Michael Thomas should be back sometime in October. How well he’ll mesh with Jameis Winston remains to be seen. Marquez Callaway is not a secret anymore. He is likely to lead the team in targets until Thomas returns. Tre’Quan Smith has been a big disappointment so far. Winston seems like an ideal quarterback for the speedster, but I’m not trying that hard to roster him.
Kenny Golladay is going to a new offense, and he hasn’t practiced in weeks. Two big strikes against him. One thing the lanky deep threat has going for him is Daniel Jones is surprisingly effective delivering deep balls, ranking first in the NFL in efficiency, though with a modest sample size. Sterling Shepherd is a low ceiling slot receiver on a team that keeps bringing in more slot receivers. He struggles a bit outside. Darius Slayton must improve his catch rate to become a consistent producer. He’s an outstanding athlete but a boom or bust fantasy player with a lot more competition for targets than he had last year. Kadarius Toney is likely a year away.
We’re starting to get into passing attacks that are less than optimal. Low scoring teams provide fewer scoring chances is the most obvious thing I’ve ever typed.
Jakobi Meyers runs his routes way under the radar nationally, but he is very talented, and he had a great camp. Galaxy brain types will argue that the newly acquired Jonnu Smith and Hunter Henry will bleed away targets, but this offense has always fed slot receivers and Meyers is a better receiver than their new tight ends by a considerable margin. Nelson Agholar has returned and he’s a deep threat now. ADOT and YPC exploded, and he was the Raiders most valuable WR last season. Not sure how he fits in this offense, but he costs nothing.
Will Fuller V accessed another level last season. The injury prone deep threat was having a breakout season when his season ended. Jaylen Waddle figures to get plenty of opportunities to make something happen this season. He was a low volume receiver for Alabama. It might take him some time to start putting up big days for the Dolphins. It’s not surprising DeVante Parker took a small step backward after his breakout season. This season will probably fall somewhere in between last year and 2019.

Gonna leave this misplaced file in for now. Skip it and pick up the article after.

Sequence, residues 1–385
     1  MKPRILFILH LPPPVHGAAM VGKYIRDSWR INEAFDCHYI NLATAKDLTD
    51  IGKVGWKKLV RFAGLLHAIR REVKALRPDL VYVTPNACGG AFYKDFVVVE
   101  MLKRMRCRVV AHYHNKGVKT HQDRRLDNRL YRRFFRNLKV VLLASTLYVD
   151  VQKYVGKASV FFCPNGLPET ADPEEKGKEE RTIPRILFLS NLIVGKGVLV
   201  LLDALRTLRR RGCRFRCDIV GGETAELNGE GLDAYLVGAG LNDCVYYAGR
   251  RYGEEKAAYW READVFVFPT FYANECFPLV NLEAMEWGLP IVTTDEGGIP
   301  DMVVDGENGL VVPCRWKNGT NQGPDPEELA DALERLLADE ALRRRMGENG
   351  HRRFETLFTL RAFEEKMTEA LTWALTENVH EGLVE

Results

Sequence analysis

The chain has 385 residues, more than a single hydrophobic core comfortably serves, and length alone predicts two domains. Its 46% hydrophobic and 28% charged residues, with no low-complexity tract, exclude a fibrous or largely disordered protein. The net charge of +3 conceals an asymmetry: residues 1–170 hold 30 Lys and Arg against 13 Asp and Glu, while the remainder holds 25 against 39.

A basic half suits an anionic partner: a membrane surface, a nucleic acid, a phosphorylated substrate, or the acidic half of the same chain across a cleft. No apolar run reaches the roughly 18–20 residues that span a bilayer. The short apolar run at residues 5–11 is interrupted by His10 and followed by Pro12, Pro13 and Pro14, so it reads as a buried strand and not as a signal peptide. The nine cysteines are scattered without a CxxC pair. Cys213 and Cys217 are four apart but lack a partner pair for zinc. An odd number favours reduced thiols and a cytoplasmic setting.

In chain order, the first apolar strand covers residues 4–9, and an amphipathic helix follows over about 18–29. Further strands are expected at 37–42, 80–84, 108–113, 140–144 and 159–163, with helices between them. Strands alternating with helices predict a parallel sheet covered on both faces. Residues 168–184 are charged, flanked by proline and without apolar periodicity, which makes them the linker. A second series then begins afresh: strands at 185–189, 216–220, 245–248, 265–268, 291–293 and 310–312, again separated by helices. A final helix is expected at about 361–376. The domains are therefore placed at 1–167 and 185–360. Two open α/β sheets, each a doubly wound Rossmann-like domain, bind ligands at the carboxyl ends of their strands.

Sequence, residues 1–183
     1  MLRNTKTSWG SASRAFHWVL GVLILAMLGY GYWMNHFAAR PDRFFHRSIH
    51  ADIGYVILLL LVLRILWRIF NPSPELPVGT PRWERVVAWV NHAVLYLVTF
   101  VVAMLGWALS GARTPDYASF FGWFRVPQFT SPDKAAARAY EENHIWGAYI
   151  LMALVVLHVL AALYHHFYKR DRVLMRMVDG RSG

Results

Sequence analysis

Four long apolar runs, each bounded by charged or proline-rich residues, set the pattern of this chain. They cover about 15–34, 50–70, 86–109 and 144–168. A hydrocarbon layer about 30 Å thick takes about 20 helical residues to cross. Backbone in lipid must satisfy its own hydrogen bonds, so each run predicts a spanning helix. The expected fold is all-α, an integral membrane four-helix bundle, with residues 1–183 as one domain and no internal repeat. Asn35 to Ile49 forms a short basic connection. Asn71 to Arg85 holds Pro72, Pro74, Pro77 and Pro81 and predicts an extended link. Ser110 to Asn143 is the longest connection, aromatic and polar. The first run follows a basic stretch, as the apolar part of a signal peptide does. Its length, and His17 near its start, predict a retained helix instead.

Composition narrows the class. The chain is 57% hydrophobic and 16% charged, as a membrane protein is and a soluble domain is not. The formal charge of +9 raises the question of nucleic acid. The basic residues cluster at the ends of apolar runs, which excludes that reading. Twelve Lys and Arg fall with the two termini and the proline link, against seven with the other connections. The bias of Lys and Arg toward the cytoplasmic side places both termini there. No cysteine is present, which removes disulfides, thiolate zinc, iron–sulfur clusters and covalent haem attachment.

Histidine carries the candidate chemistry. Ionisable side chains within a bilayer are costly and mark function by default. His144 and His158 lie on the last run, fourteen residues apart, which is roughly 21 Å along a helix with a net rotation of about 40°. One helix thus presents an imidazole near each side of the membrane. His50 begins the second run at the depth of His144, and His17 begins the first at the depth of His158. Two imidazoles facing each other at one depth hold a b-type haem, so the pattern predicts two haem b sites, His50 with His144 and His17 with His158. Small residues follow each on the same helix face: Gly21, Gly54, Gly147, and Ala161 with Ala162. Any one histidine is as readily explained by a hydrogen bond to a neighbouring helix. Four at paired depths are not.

Corey Davis never came close to living up to fifth overall pick status, but he had what can truthfully be called a breakout last season. Still inconsistent week to week, he showed big improvement in all phases last year. The caveat is how he’ll respond to being a #1 WR with a big contract in New York. He faced the pressure of being a top five pick, but this will be more extreme. Elijah Moore is tough but small and he lacks length. He had a good camp but is troubled by a quad injury. Rookie with a rookie QB and Jamison Crowder looming to siphon away slot reps. Not an ideal situation for either of these guys.
I miss the days of people telling me to fade Darren Waller because Henry Ruggs III and Bryan Edwards were coming to town. Those guys couldn’t even threaten the targets of Nelson Agholar and Hunter Renfrow. Ruggs is a dynamic talent, and he will eventually be a fine NFL player, hopefully for someone other than the Raiders. They really didn’t put him in position to succeed. He was utilized mostly as a decoy to pull away safeties and open things up underneath. His ADOT of 17.3 was huge, but at Alabama he thrived on catching slants then destroying tackling angles on his way to the end zone. The muscular Edwards faces huge expectations in Vegas again this year. I was lower on him than most coming out of South Carolina. I questioned his ability to separate in the NFL and I still do. Hunter Renfrow is a great kid who looks nothing like an NFL player. He will outperform his ADP and still not be worth rostering except in deep leagues.
The Marquise Brown Experience: Being the second option behind a tight end in an offense that attempted 250 fewer passes than the Steelers; soft tissue injuries; long, exhilarating touchdowns where he makes NFL defensive backs look slow. I was higher on Rashod Bateman than most and I think the Giants will regret passing on him. Right now, he’s an already injured rookie is a poor passing attack. Sammy Watkins is a certified dummy and the most overrated player in recent memory.
Brandin Cooks has caught passes from Drew Brees, Tom Brady, Deshuan Watson and, uh, Jared Goff. This year, he’ll catch passes from Tyrod Taylor, who is so risk averse he makes Teddy Bridgewater look like a gunslinger. Or from Davis Mills who sucks bad. Anthony Miller has a new fan base to disappoint. Draft Cooks, I guess, if he drops into the low teens, but someone must get him the football and that guy isn’t on the roster.
Tyrell Williams is the man in Motown. The release of Breshad Perriman, and Amon-Ra St Brown’s slow realization that he won’t be able to fight his way across the NFL, make Tyrell the Lions top WR by default.
Good luck this season!